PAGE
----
It started in 2014 but we watched it for the first time early in the pandemic – and we’ve watched it all the way through again twice now. It’s just so good and once you start watching it, you just can’t stop. A perfect low stakes binge watch. And there’s a new episode coming at Christmas which just makes me so happy, although I fear that some one may die/have died in that (if you watch it you’ll know who I’m talking about), but I’ll just be happy to have another hour or two in the company of the Danebury Metal Detectorists.

If you’re in the UK, you can find Detectorists on iPlayer – it says for the next four months. If you’re not in the UK, it should be available on one of the streaming services – Mr Google tells me you can buy it from all the usual suspects.

Have a great Sunday everyone.

not a book

Not a Book: The Dropout

Well you may remember that I read Bad Blood last year. And a few months back I watched the documentary about Elizabeth Holmes when it came around on Sky Documentaries. And then when I went to visit a friend for the weekend the other month, we watched the first seven episodes of The Dropout back to back – and would have finished it if that final episode had been available. And I currently have a Disney plus subscription so I’ve finally been able to finish it. And now I have thoughts!

In case you’ve forgotten, Elizabeth Holmes was the person behind Theranos, the medical start-up unicorn that claimed it was going to revolutionise diagnostic blood tests with its technology that could test for pretty much anything and everything using just a tiny finger prick sample of blood. Except as the John Carryrou book reveals, the technology never really existed the way they said it did, and the tech they had made didn’t work either. But Theranos still managed to raise billions of money from investors before it all came crashing down. Spoiler alert: Elizabeth Holmes and Sunny Balwani will be sentenced in the autumn, after they were convicted (in separate trials) of deceiving investors.

The Dropout is the dramatised version of the rise and fall of Elizabeth Holmes – from her days at university through to the implosion of Theranos. As you can probably tell by the fact we binged it in one night, I really enjoyed it! Obviously we will never know what the actual conversations were between Holmes and her then partner Sunny Balwani, but the writers of this have had a very good go at it – it’s like the most gripping and bonkers docudrama you’ve ever seen.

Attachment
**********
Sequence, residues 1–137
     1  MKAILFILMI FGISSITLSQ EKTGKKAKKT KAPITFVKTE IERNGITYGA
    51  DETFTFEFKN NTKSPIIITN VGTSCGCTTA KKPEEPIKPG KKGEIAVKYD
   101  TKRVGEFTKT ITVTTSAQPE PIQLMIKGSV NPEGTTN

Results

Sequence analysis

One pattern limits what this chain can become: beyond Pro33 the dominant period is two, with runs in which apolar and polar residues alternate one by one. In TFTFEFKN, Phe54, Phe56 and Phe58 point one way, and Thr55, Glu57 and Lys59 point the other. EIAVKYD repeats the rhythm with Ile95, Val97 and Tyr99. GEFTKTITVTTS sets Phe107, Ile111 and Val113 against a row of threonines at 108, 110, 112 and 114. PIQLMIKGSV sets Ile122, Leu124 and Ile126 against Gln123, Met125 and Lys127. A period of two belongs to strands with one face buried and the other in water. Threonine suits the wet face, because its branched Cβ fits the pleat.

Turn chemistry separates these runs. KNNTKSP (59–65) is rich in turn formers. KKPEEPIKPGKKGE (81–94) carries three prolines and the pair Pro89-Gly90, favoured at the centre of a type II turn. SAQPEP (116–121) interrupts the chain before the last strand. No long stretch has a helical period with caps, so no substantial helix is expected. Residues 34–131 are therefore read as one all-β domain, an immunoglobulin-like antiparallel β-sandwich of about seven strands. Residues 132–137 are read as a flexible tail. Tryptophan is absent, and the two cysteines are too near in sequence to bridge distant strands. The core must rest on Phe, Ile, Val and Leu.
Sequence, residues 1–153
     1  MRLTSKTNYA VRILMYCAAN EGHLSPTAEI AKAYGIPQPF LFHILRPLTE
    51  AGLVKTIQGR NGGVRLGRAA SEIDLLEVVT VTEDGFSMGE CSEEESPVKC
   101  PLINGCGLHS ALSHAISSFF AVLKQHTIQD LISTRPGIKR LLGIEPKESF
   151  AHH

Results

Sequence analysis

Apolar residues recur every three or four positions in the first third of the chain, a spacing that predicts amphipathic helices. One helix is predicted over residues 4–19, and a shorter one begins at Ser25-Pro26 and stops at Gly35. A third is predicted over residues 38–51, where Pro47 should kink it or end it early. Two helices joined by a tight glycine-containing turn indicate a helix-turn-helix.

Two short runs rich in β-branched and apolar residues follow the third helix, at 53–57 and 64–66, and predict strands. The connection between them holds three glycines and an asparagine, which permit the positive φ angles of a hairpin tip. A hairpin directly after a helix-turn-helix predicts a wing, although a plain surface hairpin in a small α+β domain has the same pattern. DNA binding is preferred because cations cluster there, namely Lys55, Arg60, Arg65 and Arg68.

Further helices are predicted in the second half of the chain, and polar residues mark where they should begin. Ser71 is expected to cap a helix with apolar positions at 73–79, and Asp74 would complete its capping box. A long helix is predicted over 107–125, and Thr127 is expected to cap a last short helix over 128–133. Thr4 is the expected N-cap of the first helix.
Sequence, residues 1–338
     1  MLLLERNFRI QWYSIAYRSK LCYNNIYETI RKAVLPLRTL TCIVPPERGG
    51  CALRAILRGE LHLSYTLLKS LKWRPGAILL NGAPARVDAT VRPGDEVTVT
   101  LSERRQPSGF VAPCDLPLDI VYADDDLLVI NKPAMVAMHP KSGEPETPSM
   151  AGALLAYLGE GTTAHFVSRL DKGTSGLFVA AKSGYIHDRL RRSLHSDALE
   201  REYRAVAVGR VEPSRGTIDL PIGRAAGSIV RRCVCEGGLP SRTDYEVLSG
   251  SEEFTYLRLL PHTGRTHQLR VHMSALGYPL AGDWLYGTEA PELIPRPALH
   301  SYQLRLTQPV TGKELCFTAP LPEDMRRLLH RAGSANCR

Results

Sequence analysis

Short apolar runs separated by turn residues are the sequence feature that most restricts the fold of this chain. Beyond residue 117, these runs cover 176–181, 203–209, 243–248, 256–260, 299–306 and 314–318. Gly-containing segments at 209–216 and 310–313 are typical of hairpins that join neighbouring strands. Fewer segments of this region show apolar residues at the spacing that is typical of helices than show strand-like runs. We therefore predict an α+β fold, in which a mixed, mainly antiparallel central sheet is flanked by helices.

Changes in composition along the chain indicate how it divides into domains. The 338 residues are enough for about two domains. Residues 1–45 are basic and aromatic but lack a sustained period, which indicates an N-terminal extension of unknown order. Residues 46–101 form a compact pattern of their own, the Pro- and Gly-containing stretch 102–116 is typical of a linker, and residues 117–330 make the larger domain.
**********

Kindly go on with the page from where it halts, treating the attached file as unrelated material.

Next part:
As you see from the trailer, Amanda Seyfried plays Elizabeth, which is a tricky task given the prominence Holmes had when the company was riding high and the personality quirks that she had like the strangely deep voice and her Steve Jobs wardrobe. But she’s really, really good. And she’s got the Emmy nomination this week to show for it. Naveen Andrews plays Sunny, and makes him a really intriguing character – more so than you might expect if you were told it was an older man in a relationship with the much younger woman whose company he is helping to run.

And we really enjoyed dissecting how they portrayed the leading characters. If this were a Reddit Am I The Asshole question, the answer is pretty much ESH – everybody sucks here – with the exception of a couple of the scientists and lab workers. Just a warning though, there are obviously real life impacts of the Theranos saga – the people who got the wrong results from their tests, but also the workers who tried to speak out and stop what was going on. And if you haven’t read the book, I suspect one particular even will make you really sad. I knew it was coming and it was still bad.

So, if you need something to binge watch and you currently have Disney +, then this might be a good way to pass a weekend. I really want to watch it again already.

Have a great Sunday everyone.

not a book, tv

Not a Book: Hollywood Houselift

So this Sunday I have a comfort TV recommendation for you. Because sometimes you just need to watch something with very low stakes. And I like programmes about houses. And this is that.

This is basically a group of famous people getting bits of their houses redecorated by Jeff. I’ve never come across Jeff before, but he had a reality show on Bravo that followed him flipping houses and doing interior design projects and he also presents a radio show on satellite radio station in the US.

In the first series, Jeff renovates a pool house, a couple of gardens, a bathroom and dressing room and a dining room and family room and more for various people you may or may not recognise depending on which pop culture you consume (like Anthony Anderson from Blackish, Ashlee Simpson, Wilmer Valderama). Jeff has a group of people who work for him and an engagingly irreverent way of talking about his clients that reminds you that he knows exactly how ridiculous it is to be spending $5,000 on towel rails and robe hooks but is doing it any way!

It’s basically like Selling Sunset had a baby with Christina on the Coast or the design bits of Flip or Flop, but with no drinks party or brunch bitching. So more design and more houses. I’m sure it is very staged but it’s not staging fights or drama, and the people working together all seem to actually like each other. Which you can’t say about many shows like this…

You can watch Hollywood Houselift on Freevee – which used to be called IMDb TV and which I get for free bundled in with Amazon Prime. It has a few ad breaks but it makes me so chilled that I can cope with it. I’ve watched all six episodes that have been released so far and there are new episodes each Friday…

Happy Sunday!